Announcing Stack Overflow Documentation

We started with Q&A. Technical documentation is next, and we need your help.

Whether you're a beginner or an experienced developer, you can contribute.

Sign up and start helping → Learn more about Documentation →

Suppose you set up a TransactionScope object as illustrated per the Microsoft example here. Now suppose that you need to update a lot of database tables, and you want them all in the scope of the TransactionScope object. Continually nesting SqlConnection and SqlCommand objects 10 deep will create a source code mess. If instead you call other functions which create connections (in your data access layer, for example), will they be within scope of the TransactionScope object?


' Assume variable "x" is a business object declared and populated with data.
Using scope As New TransactionScope()

    ' more DAL calls ...


End Using

Assume that each DAL function contains its own using statements for connections. Example:

Public Shared Sub SaveProducts(x As Object)

    Using conn As New SqlConnection("connection string")

        Using cmd As New SqlCommand("stored procedure name", conn)

            With cmd

                ' etc.                        

            End With

        End Using

    End Using

End Sub
share|improve this question
up vote 4 down vote accepted

Yes, they will be inside the TransactionScope. What the TransactionScope basically does is to create a Transaction object and set Transaction.Current to that.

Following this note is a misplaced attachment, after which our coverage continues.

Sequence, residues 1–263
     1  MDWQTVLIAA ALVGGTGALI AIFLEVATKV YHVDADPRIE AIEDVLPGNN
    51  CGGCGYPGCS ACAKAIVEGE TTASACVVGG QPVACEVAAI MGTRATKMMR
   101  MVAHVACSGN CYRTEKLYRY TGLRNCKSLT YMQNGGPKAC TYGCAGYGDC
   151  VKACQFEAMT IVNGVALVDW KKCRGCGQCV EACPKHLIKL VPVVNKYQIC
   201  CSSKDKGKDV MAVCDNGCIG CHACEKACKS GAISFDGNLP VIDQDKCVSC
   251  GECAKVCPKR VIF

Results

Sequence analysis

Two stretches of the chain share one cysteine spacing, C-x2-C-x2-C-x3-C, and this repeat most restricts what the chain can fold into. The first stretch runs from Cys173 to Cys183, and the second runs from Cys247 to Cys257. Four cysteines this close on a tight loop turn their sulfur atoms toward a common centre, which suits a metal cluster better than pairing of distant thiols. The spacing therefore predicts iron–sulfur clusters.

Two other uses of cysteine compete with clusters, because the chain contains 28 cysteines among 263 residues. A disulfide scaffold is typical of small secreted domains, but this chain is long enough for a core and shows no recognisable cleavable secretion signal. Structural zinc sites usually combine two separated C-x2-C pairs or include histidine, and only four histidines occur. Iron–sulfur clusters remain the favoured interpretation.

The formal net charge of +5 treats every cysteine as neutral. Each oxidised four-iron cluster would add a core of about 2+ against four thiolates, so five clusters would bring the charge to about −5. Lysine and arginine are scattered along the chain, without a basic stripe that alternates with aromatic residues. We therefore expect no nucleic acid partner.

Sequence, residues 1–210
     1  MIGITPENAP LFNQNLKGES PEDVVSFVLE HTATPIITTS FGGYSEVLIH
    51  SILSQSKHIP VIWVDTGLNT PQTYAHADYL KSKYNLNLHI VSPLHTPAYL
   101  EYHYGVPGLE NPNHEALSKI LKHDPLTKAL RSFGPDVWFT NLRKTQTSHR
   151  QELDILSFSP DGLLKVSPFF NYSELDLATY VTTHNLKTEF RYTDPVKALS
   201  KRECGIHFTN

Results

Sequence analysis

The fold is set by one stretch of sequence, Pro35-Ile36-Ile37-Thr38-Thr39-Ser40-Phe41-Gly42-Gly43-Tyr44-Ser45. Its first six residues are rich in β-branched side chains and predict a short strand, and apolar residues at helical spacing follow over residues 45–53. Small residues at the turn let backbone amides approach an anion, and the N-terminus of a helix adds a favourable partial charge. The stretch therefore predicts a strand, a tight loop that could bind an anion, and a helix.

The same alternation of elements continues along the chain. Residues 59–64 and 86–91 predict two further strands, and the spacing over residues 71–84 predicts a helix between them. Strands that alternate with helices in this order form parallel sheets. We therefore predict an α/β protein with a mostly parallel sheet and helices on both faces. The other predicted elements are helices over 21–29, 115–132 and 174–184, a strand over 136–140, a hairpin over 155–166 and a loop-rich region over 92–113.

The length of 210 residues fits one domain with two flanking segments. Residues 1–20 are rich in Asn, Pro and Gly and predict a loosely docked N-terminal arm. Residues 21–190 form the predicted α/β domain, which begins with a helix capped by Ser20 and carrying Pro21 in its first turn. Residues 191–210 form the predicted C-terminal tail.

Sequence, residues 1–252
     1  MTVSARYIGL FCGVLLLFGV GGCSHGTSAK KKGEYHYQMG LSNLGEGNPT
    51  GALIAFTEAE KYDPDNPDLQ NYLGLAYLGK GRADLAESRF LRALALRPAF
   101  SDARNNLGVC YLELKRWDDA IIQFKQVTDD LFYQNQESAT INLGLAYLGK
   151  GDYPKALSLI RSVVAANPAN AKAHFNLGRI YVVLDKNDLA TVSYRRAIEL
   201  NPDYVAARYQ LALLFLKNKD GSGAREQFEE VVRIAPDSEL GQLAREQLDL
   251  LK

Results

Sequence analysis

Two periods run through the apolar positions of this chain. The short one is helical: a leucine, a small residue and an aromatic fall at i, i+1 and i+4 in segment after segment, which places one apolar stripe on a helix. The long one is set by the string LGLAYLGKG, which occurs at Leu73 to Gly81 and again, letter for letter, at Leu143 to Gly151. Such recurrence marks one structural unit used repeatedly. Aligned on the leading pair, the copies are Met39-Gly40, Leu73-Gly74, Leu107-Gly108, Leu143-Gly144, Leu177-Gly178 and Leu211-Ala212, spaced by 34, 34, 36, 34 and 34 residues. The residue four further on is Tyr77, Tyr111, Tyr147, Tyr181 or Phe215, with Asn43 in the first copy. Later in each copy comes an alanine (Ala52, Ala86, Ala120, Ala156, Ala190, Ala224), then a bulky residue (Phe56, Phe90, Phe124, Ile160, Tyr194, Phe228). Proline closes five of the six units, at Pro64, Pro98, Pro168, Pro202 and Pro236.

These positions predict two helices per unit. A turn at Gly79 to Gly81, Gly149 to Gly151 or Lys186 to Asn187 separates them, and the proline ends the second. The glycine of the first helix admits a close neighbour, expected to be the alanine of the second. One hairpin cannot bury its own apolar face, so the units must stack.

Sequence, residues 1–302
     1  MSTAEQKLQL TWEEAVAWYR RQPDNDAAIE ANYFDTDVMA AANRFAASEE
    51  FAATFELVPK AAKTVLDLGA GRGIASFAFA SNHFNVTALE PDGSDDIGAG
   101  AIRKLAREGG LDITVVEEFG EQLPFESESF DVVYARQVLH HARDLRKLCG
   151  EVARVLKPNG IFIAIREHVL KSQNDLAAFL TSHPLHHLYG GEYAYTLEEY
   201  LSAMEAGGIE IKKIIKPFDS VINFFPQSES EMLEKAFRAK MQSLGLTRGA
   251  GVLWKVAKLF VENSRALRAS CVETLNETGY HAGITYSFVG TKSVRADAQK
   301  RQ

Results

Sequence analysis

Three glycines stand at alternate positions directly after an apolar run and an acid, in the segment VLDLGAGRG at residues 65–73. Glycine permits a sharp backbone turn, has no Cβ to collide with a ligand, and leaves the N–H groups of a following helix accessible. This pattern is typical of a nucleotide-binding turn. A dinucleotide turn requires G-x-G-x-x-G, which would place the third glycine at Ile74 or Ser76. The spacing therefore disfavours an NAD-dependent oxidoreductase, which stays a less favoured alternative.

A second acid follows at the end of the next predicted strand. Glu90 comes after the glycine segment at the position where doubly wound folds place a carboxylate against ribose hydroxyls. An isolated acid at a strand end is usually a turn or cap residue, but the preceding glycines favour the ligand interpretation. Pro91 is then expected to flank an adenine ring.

In other words, this:

Using scope As New TransactionScope()
    ... blah blah blah ...
End Using

is basically the same as this:

    // Transaction.Current is a thread-static field
    Transaction.Current = new CommittableTransaction();
    ... blah blah blah ...
    Transaction.Current.Commit(); // or Rollback(), depending on whether the scope was completed
    Transaction.Current = null;

When a SqlConnection is opened, it checks if Transaction.Current (on this thread) is null or not, and if it is not null then it enlists (unless enlist=false in the connection string). So this means that SqlConnection.Open() doesn't know or care if the TransactionScope was opened in this method or a method that called this one.

(Note that if you wanted the SqlConnection in the child methods to NOT be in a transaction, you can make an inner TransactionScope with TransactionScopeOption.Suppress)

share|improve this answer

When you create a TransactionScope, all connections you open while the TransactionScope exists join the transaction automatically (they're 'auto enlisted'). So you don't need to pass connection strings around.

You may still want to, when SQL Server sees different transactions (even if they are all contained by one DTC transaction), it doesn't share locks between them. If you open too many connections and do a lot of reading and writing, you're headed for a deadlock.

Why not put the active connection in some global place and use it?

Some more info after some research. Read this: TransactionScope automatically escalating to MSDTC on some machines? .

If you're using SQL Server 2008 (and probably 2012, but not any other database), some magic is done behind the scenes, and if you open two SQL Connections one after the other, they are going to be united into a single SQL transaction, and you're not going to have any locking problem.